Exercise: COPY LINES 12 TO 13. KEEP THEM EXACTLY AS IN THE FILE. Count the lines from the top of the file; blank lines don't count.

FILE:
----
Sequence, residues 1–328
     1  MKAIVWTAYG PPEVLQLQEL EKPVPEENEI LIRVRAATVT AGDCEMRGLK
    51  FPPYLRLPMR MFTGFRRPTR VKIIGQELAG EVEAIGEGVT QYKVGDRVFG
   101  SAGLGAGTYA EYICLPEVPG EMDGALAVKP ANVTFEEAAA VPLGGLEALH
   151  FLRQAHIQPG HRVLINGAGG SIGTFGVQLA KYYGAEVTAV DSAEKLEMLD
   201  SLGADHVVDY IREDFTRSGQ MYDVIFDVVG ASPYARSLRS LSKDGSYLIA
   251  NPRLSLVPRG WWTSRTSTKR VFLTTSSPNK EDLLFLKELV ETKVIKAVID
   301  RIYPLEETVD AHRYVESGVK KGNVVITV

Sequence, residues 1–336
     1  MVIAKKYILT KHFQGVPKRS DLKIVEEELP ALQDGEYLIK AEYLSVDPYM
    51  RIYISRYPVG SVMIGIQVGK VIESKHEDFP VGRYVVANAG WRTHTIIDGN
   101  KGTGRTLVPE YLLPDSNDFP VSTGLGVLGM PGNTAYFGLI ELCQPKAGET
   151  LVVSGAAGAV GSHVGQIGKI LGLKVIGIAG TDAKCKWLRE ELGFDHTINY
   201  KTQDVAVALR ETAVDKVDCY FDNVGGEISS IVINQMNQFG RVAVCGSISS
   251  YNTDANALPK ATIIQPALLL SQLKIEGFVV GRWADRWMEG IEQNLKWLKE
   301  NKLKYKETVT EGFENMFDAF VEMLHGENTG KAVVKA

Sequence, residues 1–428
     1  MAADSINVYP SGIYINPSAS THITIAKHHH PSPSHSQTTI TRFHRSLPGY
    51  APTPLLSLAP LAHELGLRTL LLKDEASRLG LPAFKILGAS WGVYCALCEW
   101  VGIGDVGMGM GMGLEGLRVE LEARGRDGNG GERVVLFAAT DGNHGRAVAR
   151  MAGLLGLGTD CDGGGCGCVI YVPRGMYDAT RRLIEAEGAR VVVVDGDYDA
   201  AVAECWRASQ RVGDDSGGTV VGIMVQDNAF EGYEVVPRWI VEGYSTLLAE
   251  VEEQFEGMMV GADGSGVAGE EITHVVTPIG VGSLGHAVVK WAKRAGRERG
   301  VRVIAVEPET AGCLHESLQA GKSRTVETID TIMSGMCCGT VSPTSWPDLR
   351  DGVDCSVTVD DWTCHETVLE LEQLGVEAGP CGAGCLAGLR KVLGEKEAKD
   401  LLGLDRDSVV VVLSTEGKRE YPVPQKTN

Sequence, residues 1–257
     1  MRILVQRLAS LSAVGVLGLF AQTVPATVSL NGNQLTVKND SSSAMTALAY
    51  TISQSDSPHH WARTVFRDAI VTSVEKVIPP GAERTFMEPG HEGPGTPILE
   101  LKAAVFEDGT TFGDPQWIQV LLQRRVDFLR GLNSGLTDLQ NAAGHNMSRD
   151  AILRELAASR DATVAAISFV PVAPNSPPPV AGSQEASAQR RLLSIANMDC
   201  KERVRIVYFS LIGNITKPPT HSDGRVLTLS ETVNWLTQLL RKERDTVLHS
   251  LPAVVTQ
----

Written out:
   101  KGTGRTLVPE YLLPDSNDFP VSTGLGVLGM PGNTAYFGLI ELCQPKAGET
   151  LVVSGAAGAV GSHVGQIGKI LGLKVIGIAG TDAKCKWLRE ELGFDHTINY